Indian Agriculture in Dire Straits, Farmers' Woes Persist

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Noted agriculture scientist MS Swaminathan has recently said that agriculture, as a profession, was losing its appeal to the new generation in Punjab. This apparently innocuous statement implied something serious and as Swaminathan has said, the government must look into it.

A pressing crisis has engulfed the country's agricultural sector today. The crucial sector, which contributes 17 per cent to the nation's GDP and employs around 60 per cent of the population, has witnessed a microscopic growth over the last few decades. The scenario has been particularly bad since the late-1990s, a period which saw a tragedy unfolding in the form of farmer suicides. The fact that over a few lakh farmers committed suicide between 1995 and 2010 suggests that something has gone wrong.

Farmer

Farmer suicides initially plagued the states of Maharashtra, Karnataka, Andhra Pradesh, Madhya Pradesh and Chhattisgarh (which was shaped out of MP in 2000) but slowly spread to other states of the country, including those which have been agriculturally rich.

The largest number of farmer suicides has been recorded in Maharashtra, which is ironically, the home to the country’s Agriculture Minister, Sharad Pawar. Over 40,000 farmers have committed suicide in that state alone since the mid-1990s. Providing relief packages and visit by top officials have not succeeded in yielding any results. The media, too, has failed to create any major impact on the issue, like it did, for example in several terrorist attacks in Mumbai.

The problem is indeed a big one. The five states mentioned above account for just around a third of India’s population but an alarming two-third of the farmer suicides. Farmer suicides are rising even as the number of farmers has reduced in the last two decades.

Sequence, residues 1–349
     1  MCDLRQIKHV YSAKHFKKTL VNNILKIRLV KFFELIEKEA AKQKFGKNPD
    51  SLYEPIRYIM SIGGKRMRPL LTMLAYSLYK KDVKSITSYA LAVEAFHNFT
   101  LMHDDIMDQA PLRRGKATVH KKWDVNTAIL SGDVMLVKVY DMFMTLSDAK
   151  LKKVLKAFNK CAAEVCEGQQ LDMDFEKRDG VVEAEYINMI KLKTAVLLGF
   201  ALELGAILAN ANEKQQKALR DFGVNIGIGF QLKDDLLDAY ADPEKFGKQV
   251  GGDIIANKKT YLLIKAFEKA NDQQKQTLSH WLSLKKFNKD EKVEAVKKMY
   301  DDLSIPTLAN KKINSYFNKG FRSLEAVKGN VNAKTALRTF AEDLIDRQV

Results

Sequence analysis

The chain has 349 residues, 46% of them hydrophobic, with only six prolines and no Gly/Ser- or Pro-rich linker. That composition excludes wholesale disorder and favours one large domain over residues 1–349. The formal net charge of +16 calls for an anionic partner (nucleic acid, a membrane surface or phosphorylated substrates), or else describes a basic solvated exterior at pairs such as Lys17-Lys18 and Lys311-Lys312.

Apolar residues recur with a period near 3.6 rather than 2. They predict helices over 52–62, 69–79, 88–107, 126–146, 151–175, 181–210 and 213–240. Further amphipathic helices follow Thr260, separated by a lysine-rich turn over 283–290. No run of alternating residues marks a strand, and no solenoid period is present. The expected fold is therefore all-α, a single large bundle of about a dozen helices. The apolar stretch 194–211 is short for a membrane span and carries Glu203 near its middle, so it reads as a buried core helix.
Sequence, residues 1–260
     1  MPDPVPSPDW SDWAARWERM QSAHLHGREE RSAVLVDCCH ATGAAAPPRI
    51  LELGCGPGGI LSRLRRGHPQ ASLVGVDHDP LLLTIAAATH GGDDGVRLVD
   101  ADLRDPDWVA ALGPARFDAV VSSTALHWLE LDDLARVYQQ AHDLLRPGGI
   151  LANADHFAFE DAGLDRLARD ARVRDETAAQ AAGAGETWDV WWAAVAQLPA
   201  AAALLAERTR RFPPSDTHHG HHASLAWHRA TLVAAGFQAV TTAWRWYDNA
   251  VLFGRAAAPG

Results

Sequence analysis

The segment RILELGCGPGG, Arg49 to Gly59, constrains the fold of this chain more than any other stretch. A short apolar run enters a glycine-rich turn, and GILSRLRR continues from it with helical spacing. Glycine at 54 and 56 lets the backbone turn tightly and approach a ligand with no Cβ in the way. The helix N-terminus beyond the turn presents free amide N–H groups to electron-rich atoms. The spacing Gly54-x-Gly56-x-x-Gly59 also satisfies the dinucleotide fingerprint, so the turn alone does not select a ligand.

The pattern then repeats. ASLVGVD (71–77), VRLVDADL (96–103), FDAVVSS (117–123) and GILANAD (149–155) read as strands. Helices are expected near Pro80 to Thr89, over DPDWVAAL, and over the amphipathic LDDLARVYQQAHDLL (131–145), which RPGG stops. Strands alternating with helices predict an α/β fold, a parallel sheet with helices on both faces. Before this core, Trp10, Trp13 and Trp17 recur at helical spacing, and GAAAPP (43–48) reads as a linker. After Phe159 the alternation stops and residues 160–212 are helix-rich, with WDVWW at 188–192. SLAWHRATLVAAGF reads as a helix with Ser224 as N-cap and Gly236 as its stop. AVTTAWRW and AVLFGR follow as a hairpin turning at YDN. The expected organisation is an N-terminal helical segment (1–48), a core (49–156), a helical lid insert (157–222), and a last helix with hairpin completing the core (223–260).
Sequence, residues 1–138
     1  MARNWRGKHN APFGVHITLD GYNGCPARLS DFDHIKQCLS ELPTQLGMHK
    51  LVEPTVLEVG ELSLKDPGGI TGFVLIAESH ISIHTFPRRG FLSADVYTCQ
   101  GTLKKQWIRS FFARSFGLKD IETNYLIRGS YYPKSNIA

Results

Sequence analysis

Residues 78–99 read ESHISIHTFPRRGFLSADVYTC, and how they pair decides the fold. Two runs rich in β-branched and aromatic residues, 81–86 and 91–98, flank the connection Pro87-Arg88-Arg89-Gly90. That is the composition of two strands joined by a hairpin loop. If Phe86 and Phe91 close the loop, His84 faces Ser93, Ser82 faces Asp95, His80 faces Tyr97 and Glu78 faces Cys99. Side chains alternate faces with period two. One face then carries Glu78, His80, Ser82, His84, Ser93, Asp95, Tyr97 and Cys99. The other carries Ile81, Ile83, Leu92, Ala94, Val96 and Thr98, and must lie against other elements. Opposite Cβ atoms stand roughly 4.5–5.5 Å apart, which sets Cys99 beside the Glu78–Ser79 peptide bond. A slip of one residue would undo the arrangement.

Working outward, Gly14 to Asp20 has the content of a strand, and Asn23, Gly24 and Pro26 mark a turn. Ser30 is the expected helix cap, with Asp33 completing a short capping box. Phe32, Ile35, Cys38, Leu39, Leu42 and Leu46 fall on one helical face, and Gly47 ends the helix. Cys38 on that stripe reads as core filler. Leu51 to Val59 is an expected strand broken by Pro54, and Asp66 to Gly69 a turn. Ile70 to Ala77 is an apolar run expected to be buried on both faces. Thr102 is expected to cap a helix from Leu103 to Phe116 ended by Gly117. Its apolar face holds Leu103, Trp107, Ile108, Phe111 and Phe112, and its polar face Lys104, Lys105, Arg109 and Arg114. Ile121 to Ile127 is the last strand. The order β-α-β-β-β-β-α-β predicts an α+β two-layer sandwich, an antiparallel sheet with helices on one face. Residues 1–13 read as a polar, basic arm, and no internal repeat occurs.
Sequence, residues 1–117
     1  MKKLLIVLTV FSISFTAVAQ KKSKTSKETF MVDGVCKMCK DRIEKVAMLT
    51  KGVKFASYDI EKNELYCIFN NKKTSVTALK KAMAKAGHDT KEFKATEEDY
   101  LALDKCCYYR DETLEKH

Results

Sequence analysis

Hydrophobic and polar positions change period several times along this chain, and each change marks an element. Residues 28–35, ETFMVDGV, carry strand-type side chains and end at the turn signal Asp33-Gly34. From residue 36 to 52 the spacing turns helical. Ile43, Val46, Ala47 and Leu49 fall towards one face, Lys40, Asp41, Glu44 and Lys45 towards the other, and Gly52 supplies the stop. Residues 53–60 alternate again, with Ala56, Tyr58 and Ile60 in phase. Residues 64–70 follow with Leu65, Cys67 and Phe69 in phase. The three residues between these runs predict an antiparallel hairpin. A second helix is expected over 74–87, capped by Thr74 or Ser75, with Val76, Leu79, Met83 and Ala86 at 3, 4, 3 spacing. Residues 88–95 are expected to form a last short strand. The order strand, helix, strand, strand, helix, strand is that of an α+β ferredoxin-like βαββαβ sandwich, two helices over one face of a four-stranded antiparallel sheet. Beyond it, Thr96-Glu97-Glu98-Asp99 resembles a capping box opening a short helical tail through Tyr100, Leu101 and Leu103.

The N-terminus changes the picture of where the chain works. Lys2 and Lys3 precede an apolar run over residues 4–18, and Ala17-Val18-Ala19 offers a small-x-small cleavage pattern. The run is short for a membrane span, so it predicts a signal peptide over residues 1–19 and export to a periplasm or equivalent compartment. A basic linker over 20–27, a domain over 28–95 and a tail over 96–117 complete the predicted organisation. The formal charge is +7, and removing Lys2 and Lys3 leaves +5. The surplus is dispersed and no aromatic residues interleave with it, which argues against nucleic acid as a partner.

The reasons for such unabated cases of suicides are many. Scholars often say that neo-liberal economic reforms in India have increased the farmers’ debts to such levels that life turned practically impossible for them. Studies say most of the overburdened farmers who committed suicide were mainly growers of cash crops (like coffee, cotton, sugarcane, vanilla) and not food crops. Chasing the idea of ‘export-led’ growth forced several farmers in the country to shift to cash crops (like rice, wheat, pulses) and ultimately pushed them into their graves.

The shift to cash crops meant that the farmers had to bear much more expensive cultivation costs and that gradually pushed them to take loans and getting indebted. They also fell prey to volatile global commodity prices. Massive subsidies provided to the rich farmers in the western world by the US and EU also saw prices of the produce of the cash crop-growers crash.

Introduction of new foreign seeds replacing the cheaper, traditional ones, did them in further. The Bt Cotton, for example, had seen Indian farmers losing one billion rupees due to crop failure. This was not compensated in any form.

While these were financial hardships created by external compulsions, the farmers’ community also had to face domestic assault. Ruthless commercialisation in the rural sector proved to be a curse on the farmers. Healthcare cost shot up, so did prices of other essentials like food, fuel, and clothes. Millions of Indian farmers are dependent on food grain for consumption and not self-dependent and even if a food crop grower can manage to survive by some means, a cash crop grower can not.

One of India’s prominent economist once warned that an average poor family’s share of food has got reduced by about 100 kg. There is no shield to protect the rural folks (small farmers or landless ones) from the assault. Even the average youngsters of farmers’ households, no matter how meritorious they are, have had to give up education to take up the parents’ occupation to deal with the financial hardships.